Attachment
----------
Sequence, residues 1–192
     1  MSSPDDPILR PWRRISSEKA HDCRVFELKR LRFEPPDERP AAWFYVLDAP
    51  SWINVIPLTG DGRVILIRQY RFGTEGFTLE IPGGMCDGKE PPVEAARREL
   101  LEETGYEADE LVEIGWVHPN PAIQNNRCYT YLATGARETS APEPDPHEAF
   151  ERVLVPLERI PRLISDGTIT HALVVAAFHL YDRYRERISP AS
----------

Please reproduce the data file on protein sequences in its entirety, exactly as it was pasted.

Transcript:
Sequence, residues 1–192
     1  MSSPDDPILR PWRRISSEKA HDCRVFELKR LRFEPPDERP AAWFYVLDAP
    51  SWINVIPLTG DGRVILIRQY RFGTEGFTLE IPGGMCDGKE PPVEAARREL
   101  LEETGYEADE LVEIGWVHPN PAIQNNRCYT YLATGARETS APEPDPHEAF
   151  ERVLVPLERI PRLISDGTIT HALVVAAFHL YDRYRERISP AS